Hardwood flooring is sharing the market with an array of green flooring alternatives that offer more than just environmental credentials.
Traditionally, green flooring was chosen for its environmental qualities and in some cases its resistance in the built and design environment. The year ahead, however, will bring a directed focus on the other benefits green flooring products can offer.
When designers choose a flooring product these days, the product’s health impacts, its ability to provide thermal comfort and its ability to be used elsewhere are being considered as much as its eco-friendliness.
In terms of materials, 2014 should see attentive designers and architects further explore bamboo and cork while also considering green concrete, natural stone and new materials that experiment with unusual earthy materials.
Daphna Tal, sustainable interiors consultant at Australian Living, said anecdotal evidence points to an uptick in sustainable or green flooring in the new year and outlined some new products likely to grow in the market in the new year.
“Consider eco-friendly cork and tile flooring that has low VOCs (Volatile Organic Compounds) and are produced with high amounts of recycled content,” she said.
Cork has long been considered for its hypo allergenic and naturally anti-microbial attributes, which make it ideal for people with allergies and a material that contributes to cleaner air space.
Tal also pointed to a likely growth in popularity for Marmoleum, a material that features linseed oil as its key ingredient and that has begun capturing the market’s attention for its sustainable credentials.
“The backing is made from wood flour which is retrieved via waste products from the forestry and paper industry combined with jute,” she said. “This combination creates a 97 per cent natural product (where) 67 per cent of the content is vegetable and rapid renewable. Marmoleum is biodegradable and can be full recycled.”
For designers who prefer something closer to traditional concrete, Tal noted some suppliers offer a “lightweight green concrete that can be applied to a floor substrate providing an aesthetic alternative to solid concrete.”
In Australia, Boral features a Green Concrete which is an “ecological concrete mix that replaces virgin materials with recycled and waste materials in a range from 20% to 60%”.
Another innovative type of concrete comes from US-based company Realm of Design, which manufactures GreenStone, a product which incorporates recycled glass in its concrete material and has the ability to aesthetically resemble timber flooring.
Beyond choosing environmentally conscious flooring products, installation and the choice of adhesives and underlays is just as important.
“All of these associated products should be non-toxic and environmentally friendly,” says Tal. “We need to consider the whole system as being positive sustainability.”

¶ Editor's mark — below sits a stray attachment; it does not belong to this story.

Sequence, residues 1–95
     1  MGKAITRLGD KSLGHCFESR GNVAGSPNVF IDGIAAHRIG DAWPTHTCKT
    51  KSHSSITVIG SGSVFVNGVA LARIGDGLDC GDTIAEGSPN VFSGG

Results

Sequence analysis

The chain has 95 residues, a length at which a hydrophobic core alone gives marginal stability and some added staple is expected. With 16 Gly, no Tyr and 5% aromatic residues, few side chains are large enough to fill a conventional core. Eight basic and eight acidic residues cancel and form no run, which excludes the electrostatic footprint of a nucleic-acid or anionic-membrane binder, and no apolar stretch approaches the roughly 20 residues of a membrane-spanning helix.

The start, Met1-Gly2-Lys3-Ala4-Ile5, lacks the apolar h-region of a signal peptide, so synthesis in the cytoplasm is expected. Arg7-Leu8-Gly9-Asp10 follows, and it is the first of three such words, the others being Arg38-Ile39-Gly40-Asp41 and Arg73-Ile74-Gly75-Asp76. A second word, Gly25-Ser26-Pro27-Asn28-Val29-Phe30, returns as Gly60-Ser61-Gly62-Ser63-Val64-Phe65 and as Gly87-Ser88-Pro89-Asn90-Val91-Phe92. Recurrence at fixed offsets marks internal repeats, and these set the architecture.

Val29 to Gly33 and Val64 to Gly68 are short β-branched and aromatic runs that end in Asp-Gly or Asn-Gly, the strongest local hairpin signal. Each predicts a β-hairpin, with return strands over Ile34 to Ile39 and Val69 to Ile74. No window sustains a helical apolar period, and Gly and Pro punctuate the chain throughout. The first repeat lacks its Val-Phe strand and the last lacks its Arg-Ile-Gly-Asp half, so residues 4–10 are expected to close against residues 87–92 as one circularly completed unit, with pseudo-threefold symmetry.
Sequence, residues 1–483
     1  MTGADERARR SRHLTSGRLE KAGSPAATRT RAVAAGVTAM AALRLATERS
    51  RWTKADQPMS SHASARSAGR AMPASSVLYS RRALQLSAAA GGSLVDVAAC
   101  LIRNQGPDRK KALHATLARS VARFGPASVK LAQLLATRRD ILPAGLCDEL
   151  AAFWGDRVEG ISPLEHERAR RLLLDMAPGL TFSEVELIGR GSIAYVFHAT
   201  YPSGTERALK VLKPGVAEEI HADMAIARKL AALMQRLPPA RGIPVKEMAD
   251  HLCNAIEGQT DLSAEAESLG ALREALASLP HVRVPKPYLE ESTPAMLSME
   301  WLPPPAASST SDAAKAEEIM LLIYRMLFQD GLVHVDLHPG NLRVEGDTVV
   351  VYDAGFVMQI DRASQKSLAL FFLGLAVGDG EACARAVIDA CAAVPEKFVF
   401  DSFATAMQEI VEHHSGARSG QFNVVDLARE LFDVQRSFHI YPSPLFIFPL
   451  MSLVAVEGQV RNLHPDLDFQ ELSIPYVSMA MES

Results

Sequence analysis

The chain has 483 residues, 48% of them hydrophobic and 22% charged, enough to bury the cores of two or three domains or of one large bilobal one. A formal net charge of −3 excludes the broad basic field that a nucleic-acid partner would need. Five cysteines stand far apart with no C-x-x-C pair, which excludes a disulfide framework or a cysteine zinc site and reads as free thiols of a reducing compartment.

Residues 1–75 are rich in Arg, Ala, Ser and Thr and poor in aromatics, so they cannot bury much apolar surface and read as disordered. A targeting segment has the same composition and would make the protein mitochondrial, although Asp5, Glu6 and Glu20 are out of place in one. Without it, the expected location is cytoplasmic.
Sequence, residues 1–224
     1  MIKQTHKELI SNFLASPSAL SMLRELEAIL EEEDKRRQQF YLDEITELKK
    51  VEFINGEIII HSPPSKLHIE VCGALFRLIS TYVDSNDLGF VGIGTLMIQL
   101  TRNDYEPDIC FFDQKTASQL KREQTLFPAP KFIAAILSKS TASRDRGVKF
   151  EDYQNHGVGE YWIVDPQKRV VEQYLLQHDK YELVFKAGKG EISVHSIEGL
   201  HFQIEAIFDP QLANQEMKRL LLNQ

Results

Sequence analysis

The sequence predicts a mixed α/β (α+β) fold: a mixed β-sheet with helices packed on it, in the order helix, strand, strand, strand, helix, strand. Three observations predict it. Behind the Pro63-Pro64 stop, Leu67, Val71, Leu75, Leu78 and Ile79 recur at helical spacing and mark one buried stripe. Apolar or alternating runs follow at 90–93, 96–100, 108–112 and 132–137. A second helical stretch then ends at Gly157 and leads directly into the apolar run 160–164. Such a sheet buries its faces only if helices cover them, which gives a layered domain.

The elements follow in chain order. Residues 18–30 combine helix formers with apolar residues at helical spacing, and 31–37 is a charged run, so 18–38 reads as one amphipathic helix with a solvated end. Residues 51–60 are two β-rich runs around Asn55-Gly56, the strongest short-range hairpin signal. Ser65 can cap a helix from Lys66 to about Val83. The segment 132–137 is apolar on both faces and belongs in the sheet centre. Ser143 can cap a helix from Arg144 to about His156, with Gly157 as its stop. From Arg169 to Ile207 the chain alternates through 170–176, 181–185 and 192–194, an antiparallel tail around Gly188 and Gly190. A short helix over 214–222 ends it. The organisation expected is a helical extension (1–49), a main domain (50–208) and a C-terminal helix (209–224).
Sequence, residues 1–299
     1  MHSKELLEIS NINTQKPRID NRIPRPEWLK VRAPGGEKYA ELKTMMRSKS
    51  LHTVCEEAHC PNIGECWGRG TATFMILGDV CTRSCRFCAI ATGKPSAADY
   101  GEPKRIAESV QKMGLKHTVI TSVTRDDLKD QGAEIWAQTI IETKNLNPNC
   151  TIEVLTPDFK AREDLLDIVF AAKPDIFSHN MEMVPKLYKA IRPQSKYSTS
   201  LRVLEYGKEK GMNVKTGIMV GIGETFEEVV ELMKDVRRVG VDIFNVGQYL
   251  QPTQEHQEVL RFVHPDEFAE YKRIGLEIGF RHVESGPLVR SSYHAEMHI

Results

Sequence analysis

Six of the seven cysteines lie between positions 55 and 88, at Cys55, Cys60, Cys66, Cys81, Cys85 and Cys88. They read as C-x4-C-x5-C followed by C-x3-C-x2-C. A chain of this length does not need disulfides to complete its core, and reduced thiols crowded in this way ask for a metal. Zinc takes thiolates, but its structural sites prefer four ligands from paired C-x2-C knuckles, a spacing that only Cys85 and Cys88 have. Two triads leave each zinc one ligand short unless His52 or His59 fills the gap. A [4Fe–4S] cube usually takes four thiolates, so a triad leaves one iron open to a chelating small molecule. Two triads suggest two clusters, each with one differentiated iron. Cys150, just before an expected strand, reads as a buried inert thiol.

With this in mind, carpet flooring specialist Interface recently unveiled flooring entitled The NetEffect™ Collection that is inspired by – and constructed from materials found in – the ocean.
“(It) moves the conversation from green to blue,” said Tal of Interface’s initiative, which sees the company obtain discarded fishing nets from remote fishing communities and recycle them into carpet tiles. “A flow on effect is that local villages by the ocean are benefiting.”
It’s also important to the industry to know where the product has originated from and ensuring it comes from a sustainable source.
This has brought about a growth in industry professionals leaning on reputable certification companies including the Green Building Council of Australia (GBCA), Global GreenTag and Good Environmental Choice to aid them in making environmentally responsible choices.
“The positive growth of Green Star (GBCA) is leading to an increase in the number of flooring products that are chosen by clients based on sustainability criteria,” Tal said.
Tal predicts that 2014 will bring a new wave of green flooring forms and functions.
“We are only as good as the products that we can use when creating sustainable buildings,” she said. “The more choice we have the better.”
She hopes Cradle to Cradle (C2C) will catch on in Australia, where the fact that such products have not become particularly successful belies the fact that there is a huge market opportunity in the country.
“Cradle to Cradle has a bigger presence internationally. We are starting to see products in Australia that are manufactured overseas that have a cradle to cradle certification,” she said.
In Australia, Interface practices C2C as does carpet tile maker Desso. Shaw Contract Group also offers a product called EcoWorx which features C2C backings and is 100 per cent recyclable and PVC-free.
Such products are often overlooked when it comes to sustainable design but can lead to better environmental and health outcomes.
“By choosing sustainable flooring you are helping yourself and the environment,” Tal said.